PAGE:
By Leigh Matheson, MetService Forecaster

Have you ever wondered why you can fight through screaming winds on a saddle to later sit on the peak in relatively light conditions? Or that some parks are constantly battered by strong winds, while others aren’t so much? Well, I did.

The answer is not a particularly simple one, but the best analogy is that mountains (in most cases) are like rocks in a river.

Watching changes in river flow, and how the water behaves as it flows around the rocks, is largely how air behaves when encountering the mountains. However, there are some differences, because air is not uniform in density and temperature like a river, and water vapour readily changes state within the atmosphere, adding or removing energy as it does so. So, in some cases the air is encouraged to flow around, rather than over the mountains, while in other instances air will readily lift, or is forced to lift.

The strength of mountain winds therefore depends largely on the state of the atmosphere, or in other words, the large-scale weather situation.

In the region of a broad trough or low pressure system, the air is in a ‘lifting environment’, so when pushed against the ranges it will often freely rise over the mountains. In these cases, the wind is often less markedly different between saddles and the peaks and you can expect the air speed to increase with height.

In the region of high pressure, the air is in a ‘sinking or stable environment’, so is resistant to being pushed over higher peaks and will instead flow through gaps and saddles. Contrary to the idea that air speed increases with height, in light and moderate flows, the wind will instead increase about the saddles and gaps.

However, as the wind speed becomes stronger for example, as a front approaches behind a retreating ridge the strengthening flow will eventually force air over the higher ranges and peaks, greatly enhancing the wind speed as it does so. The most common situations to experience these very strong winds occur when a front moves in from the south behind a retreating ridge, or when a ridge strengthens rapidly behind a southerly change. In these advancing or retreating ‘stable’ environments, the strongest winds can be experienced, with hurricane force winds not unusual. 

The photo taken in Otago highlights a classic lenticular cloud, which forms in such environments when the wind becomes very strong. As the air ‘pours’ over the ridge-tops, then rapidly descends on the lee-side, it causes the air to bounce and create waves downstream (you can see this downstream of boulders in a river). At the top of the wave, the water vapour briefly condenses before it sinks again creating these clouds. The air speed through these clouds can be in excess of 180 kilometres per hour, yet the cloud itself remains stationary as the wave remains stationary.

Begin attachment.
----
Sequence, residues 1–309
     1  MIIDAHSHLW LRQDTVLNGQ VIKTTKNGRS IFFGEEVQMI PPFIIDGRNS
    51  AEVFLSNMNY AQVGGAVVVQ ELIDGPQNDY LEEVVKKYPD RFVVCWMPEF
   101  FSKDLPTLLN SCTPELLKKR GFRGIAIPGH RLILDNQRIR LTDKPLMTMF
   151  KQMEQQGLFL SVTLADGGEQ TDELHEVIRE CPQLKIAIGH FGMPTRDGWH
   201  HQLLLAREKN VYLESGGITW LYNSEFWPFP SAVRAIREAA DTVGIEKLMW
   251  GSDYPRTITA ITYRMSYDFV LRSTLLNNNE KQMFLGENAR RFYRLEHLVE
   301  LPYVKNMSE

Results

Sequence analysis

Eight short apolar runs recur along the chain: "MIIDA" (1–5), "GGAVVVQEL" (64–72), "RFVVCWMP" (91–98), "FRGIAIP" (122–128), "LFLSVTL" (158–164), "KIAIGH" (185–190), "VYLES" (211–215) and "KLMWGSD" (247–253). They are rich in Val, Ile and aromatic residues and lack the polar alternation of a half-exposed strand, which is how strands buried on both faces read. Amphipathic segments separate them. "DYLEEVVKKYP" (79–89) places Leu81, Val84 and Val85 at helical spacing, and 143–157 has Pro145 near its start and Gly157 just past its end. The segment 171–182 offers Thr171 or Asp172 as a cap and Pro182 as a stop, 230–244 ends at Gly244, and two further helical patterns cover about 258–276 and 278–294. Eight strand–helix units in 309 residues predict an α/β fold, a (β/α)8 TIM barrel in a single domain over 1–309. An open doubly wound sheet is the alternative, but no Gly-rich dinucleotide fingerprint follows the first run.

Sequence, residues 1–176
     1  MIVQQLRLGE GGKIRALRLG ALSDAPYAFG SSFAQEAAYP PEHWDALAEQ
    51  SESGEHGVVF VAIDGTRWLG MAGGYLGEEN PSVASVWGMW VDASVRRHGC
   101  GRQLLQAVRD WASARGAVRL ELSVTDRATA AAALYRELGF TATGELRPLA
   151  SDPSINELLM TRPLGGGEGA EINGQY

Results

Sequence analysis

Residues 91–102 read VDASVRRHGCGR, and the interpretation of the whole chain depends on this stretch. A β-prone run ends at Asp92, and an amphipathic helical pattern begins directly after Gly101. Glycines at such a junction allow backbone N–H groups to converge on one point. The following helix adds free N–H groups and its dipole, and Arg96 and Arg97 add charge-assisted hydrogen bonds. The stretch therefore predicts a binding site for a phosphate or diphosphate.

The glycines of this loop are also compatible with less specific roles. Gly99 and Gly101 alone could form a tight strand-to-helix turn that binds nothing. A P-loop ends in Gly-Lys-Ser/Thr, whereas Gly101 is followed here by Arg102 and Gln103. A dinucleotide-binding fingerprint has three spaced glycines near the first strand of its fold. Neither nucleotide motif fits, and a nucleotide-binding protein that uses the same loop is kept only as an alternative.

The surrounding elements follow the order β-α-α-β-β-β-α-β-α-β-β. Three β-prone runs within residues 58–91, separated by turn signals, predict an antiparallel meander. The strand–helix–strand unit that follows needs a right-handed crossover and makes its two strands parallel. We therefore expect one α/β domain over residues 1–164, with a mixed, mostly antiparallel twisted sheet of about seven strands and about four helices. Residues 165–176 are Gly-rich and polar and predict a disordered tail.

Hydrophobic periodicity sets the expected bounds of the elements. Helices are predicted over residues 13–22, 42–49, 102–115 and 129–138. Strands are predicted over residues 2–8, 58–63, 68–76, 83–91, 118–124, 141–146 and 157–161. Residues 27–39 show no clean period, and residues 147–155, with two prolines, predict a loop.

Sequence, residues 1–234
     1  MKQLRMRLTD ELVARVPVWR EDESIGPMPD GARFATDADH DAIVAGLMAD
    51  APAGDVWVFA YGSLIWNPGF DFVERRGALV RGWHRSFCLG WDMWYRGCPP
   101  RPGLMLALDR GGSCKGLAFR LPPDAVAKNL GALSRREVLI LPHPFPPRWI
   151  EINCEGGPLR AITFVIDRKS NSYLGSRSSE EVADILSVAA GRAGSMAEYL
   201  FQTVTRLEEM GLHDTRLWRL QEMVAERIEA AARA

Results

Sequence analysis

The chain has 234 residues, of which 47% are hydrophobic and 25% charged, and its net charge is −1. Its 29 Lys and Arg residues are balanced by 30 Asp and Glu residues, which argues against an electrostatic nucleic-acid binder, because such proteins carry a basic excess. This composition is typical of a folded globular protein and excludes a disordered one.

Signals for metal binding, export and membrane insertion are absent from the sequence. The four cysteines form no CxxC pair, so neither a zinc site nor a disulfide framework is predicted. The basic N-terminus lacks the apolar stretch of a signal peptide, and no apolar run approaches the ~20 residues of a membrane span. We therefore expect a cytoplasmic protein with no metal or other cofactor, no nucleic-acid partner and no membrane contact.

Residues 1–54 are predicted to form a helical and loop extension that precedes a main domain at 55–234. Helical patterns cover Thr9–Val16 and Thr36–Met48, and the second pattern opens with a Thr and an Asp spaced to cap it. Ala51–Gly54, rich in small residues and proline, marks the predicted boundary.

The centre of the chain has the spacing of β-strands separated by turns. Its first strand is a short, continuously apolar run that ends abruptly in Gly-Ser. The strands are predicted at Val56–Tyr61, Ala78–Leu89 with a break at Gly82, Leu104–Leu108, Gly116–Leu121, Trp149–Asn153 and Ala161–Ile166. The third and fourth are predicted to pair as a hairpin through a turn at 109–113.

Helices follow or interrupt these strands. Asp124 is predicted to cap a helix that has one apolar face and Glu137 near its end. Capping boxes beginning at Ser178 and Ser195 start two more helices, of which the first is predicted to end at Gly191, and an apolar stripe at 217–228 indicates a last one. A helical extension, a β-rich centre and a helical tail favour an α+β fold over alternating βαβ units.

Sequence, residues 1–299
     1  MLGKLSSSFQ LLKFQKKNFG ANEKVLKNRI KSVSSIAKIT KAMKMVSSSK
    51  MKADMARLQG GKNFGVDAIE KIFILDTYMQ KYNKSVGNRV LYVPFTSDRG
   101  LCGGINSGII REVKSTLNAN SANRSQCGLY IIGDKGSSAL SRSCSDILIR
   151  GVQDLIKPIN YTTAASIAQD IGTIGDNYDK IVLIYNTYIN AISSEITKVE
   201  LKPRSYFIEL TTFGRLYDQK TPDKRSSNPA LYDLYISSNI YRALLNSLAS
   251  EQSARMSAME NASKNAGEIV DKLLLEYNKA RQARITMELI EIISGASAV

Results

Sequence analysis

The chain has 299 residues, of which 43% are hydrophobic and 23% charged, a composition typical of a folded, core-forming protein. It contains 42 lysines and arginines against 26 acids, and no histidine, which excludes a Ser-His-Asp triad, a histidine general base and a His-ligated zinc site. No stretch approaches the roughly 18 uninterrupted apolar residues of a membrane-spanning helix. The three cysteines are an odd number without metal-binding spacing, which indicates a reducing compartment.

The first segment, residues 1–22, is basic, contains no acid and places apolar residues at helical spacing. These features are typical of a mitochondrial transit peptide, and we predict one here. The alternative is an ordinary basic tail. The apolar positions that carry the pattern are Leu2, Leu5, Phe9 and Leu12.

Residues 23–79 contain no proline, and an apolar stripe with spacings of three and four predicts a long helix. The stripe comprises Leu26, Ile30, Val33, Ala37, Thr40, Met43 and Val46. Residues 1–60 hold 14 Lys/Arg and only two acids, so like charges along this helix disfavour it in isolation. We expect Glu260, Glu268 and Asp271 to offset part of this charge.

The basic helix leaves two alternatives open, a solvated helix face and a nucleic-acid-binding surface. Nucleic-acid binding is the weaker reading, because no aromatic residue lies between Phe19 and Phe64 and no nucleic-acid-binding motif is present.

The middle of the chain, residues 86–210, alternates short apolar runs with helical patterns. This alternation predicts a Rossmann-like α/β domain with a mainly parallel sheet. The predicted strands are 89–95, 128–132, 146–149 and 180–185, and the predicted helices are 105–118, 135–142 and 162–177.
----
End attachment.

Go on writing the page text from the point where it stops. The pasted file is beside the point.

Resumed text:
This particular lenticular cloud is known as the ‘Taieri Pet’ which is fairly common over Otago’s Taieri Plains. In this case, the wind has met a number of ranges upstream in just the right sequence, which amplifies the wave, creating a greater area of lift in that region and hence causing a thicker, layered-looking cloud to form.

If you are concerned about extreme winds over a particularly sensitive part of your trip, ask yourself these questions.

  1. Is the park exposed to that particular direction of wind? Will it be lying parallel or perpendicular to the flow? (The air speed will be enhanced if the flow is directly against the range.)
  2. What does the weather map tell you? Do you have a retreating or developing ridge of high pressure? (This could be an indicator of very strong winds – check the forecast for confirmation.)

Check the forecast. The forecast gives a general view of the flow strength over the range, expect differences in the strength depending on your location within the range, but if the forecast wind is high, expect a rough day out on the tops!

This column was originally published in the August 2012 FMC Bulletin. FMC thanks Leigh for her valued contribution to the FMC Bulletin weather column. If you have mountain weather questions, email them to, and we will ask Leigh to answer them in future weather columns.